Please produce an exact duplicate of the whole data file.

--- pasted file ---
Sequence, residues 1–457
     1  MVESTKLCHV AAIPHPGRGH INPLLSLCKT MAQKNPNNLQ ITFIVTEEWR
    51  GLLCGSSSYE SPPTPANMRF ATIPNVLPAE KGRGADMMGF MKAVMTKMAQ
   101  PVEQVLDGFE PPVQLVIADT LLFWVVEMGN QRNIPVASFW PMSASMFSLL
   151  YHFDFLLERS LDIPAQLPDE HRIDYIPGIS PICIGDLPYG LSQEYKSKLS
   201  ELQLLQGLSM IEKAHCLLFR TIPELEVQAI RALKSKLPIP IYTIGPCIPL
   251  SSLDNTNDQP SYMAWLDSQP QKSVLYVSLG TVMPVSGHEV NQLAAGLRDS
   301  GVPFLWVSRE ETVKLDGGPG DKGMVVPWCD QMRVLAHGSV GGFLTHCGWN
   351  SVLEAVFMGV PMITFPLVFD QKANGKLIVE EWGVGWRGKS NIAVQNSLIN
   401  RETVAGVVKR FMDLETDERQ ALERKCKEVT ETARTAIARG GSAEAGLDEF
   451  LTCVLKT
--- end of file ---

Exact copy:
Sequence, residues 1–457
     1  MVESTKLCHV AAIPHPGRGH INPLLSLCKT MAQKNPNNLQ ITFIVTEEWR
    51  GLLCGSSSYE SPPTPANMRF ATIPNVLPAE KGRGADMMGF MKAVMTKMAQ
   101  PVEQVLDGFE PPVQLVIADT LLFWVVEMGN QRNIPVASFW PMSASMFSLL
   151  YHFDFLLERS LDIPAQLPDE HRIDYIPGIS PICIGDLPYG LSQEYKSKLS
   201  ELQLLQGLSM IEKAHCLLFR TIPELEVQAI RALKSKLPIP IYTIGPCIPL
   251  SSLDNTNDQP SYMAWLDSQP QKSVLYVSLG TVMPVSGHEV NQLAAGLRDS
   301  GVPFLWVSRE ETVKLDGGPG DKGMVVPWCD QMRVLAHGSV GGFLTHCGWN
   351  SVLEAVFMGV PMITFPLVFD QKANGKLIVE EWGVGWRGKS NIAVQNSLIN
   401  RETVAGVVKR FMDLETDERQ ALERKCKEVT ETARTAIARG GSAEAGLDEF
   451  LTCVLKT